There is no question then of giving in to a romanticization of anabasis, ancient or modern, nor to an unequivocal, too comfortable condemnation of its actors. They certainly had a wretched homecoming as criminals without glory, but we ourselves are still wandering, away from the scene of who knows what new and even viler crimes.
What is the good of such a realization? Is it nihilistic despair, or the same old song about impotent youth, forever spectators of a past that eludes them as much as the present? Maybe not, since this is where everything turns around, where we are seized by vertigo. Eric Baudelaire’s exhibition, in fact, is not a political analysis, it is an art exhibition. We are not dealing primarily with ideas, but with images and voices, images that are indirect, clouded, controlled, and manipulated in both senses of the word. Raw voices, neither judged nor decrypted (in the name of which higher code?). One cannot help thinking of the primitive gestures of contemporary art: of Duchamp diverting common objects and images, of Malevitch melting all figures into the abstraction of color. And of its original purpose: saving the concrete by means of diversion and abstraction (which no longer has anything to do with philosophical abstraction); saving the beauty of the world and the landscape by refusing its human, all too human aestheticization; saving art by denying it. In short, going back to an entirely different anabasis, that of contemporary art, which never stops searching for something new in the point of rout that leads to a return, a reprise, a remake.
So is this the vertigo of analogy, as Jacques Bouveresse would say? An infinitely doubtful vertigo that will end up placing the indistinct suffering of men, all men—Jews, Palestinians, Israelis, Japanese, Greeks, Puerto Ricans—at the service of artists? Absolutely not.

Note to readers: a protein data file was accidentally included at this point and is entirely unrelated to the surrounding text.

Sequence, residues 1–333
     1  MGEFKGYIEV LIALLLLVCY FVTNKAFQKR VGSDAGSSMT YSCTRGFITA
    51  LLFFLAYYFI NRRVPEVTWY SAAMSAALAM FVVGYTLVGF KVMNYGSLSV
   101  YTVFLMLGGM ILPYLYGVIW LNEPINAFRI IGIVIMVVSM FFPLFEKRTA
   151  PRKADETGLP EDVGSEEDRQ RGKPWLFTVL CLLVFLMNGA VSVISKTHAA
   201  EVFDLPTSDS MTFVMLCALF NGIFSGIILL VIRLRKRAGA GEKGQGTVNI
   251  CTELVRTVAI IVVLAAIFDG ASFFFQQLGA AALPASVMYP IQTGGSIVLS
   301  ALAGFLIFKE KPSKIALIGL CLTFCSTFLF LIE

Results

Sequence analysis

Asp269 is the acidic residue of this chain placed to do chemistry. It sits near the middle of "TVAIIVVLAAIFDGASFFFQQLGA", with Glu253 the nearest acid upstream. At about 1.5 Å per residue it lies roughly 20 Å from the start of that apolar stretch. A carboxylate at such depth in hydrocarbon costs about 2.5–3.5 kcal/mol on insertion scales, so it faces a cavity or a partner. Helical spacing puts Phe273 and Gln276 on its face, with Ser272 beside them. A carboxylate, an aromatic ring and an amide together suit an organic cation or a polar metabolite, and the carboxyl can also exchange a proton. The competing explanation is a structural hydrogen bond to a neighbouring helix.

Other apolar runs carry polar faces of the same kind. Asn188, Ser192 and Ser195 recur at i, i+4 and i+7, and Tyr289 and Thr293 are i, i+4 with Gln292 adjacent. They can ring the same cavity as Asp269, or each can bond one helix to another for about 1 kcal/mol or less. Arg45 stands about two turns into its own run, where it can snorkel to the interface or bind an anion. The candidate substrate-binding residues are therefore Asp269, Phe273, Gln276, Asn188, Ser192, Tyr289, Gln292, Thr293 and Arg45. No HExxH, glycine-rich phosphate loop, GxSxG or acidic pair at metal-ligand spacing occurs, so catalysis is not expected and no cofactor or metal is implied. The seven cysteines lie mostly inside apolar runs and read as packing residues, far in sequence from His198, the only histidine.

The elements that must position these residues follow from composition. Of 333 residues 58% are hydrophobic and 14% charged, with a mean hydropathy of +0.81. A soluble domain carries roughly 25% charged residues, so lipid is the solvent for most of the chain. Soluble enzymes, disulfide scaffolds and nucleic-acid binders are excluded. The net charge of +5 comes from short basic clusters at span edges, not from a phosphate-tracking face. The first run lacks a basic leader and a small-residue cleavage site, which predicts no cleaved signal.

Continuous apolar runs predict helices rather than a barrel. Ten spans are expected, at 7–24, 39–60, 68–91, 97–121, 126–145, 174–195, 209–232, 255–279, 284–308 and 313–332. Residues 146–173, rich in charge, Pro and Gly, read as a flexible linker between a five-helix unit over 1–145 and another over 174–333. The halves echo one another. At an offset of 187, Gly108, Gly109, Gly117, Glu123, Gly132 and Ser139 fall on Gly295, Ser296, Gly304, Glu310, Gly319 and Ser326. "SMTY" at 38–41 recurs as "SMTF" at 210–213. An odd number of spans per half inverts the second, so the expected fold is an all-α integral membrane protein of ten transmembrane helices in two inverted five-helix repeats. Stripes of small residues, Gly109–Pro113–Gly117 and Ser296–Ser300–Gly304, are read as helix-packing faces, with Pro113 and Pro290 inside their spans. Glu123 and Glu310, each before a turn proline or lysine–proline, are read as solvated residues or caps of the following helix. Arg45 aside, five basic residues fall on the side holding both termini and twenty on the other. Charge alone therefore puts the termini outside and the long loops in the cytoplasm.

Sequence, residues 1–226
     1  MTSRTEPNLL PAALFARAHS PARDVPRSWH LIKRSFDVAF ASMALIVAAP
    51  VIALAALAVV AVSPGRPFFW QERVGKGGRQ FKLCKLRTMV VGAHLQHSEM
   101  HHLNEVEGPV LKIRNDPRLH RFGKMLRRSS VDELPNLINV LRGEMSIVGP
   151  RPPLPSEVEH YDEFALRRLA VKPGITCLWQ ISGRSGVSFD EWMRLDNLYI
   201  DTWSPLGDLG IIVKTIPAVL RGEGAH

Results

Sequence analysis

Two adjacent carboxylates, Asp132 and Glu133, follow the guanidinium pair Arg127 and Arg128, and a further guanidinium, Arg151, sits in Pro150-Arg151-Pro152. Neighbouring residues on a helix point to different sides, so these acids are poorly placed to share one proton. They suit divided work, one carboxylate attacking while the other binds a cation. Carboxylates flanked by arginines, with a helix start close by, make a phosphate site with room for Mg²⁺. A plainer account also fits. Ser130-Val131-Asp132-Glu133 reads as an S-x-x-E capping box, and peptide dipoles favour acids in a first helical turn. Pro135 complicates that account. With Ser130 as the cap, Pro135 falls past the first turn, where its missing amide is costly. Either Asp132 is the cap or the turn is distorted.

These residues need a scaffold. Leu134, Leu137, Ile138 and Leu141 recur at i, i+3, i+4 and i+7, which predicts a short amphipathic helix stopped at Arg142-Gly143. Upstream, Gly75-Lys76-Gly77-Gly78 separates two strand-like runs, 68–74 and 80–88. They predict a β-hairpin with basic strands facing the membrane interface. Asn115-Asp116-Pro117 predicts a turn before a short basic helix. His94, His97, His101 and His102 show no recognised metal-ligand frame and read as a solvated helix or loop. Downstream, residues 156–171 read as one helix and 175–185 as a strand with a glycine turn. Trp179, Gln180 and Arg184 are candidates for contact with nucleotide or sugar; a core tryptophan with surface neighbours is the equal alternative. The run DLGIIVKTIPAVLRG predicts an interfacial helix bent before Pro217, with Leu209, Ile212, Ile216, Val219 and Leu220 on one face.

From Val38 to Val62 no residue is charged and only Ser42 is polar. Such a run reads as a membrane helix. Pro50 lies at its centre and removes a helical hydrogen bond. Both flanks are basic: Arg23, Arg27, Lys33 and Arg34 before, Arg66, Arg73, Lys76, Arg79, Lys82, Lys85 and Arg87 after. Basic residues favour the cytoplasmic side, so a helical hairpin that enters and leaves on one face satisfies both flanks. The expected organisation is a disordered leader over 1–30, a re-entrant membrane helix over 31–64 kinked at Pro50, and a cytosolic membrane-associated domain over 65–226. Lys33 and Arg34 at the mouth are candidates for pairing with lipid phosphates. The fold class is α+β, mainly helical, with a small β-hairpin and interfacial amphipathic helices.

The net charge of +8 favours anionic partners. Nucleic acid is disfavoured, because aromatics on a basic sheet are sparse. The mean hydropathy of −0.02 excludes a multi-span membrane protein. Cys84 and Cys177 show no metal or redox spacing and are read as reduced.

First, because if we accept Gerard Wacjman’s assertion in L’Objet du siècle (The Object of the Century) that contemporary art begins with Duchamp and Malevitch, we have no choice but to recognize that the anabasis image has a much longer history in art than in politics. If art’s interest in this image gives it meaning today, it is perhaps not so much as a lifeline, but as a disturbing mirror that shows a reflection of one’s time and at least provides food for thought. It was neither politics nor poetry that first modernized that ancient image of the anabasis, it was the visual artist working with images, conscious of their perpetual fall and resurrection in a world closed anew.
Moreover, it is hard to deny that in a sense today we live in societies of widespread anabasis where in art, politics and science, in the most public lives as well as the most private, we hear people speaking of nothing but that: of new departures and returns, of conquests and quagmires, of the loss and rediscovery of meaning.
Finally, because if we concede that the greatest wisdom consists in more than just “not to ridicule, not to bewail, not to scorn,” to use Spinoza’s words, but also not to understand as Spinoza would rather have wished, only to convey everything that has happened, with all of the nebulousness and the nagging questions the past entails, then we have no choice but to recognize that art makes use of the past as much as it does not make use of it, makes use of the present as much as it diverts from it to find something new.
In any case, latching onto this anabasis image at least seems a little more interesting than speaking of a postmodern world, the end of history or a clash of civilizations. It allows us to avoid sterile contrasts between fervor and brooding. We have no choice, our age has set itself up between the two, and contemporary art was the first to understand this. And above all, this liberates us from all nostalgia for the past as well as all hope for a more glorious future. Our age is not a great one, and its art must therefore forbid itself from trying to be the greatest art, true art in the Hegelian sense or propaganda art like that of the last thurifiers of revolutionary terrorism. But although this lucid realization can liberate us from all of the garbage of grandeur—glory, fanaticism, sacrifice, war—the modest art of today, which Eric Baudelaire’s work embodies rigorously, deserves its fair measure of thanks. It is an art of peace, of questions, and a call for more sharing, instead of more judgment and conflict.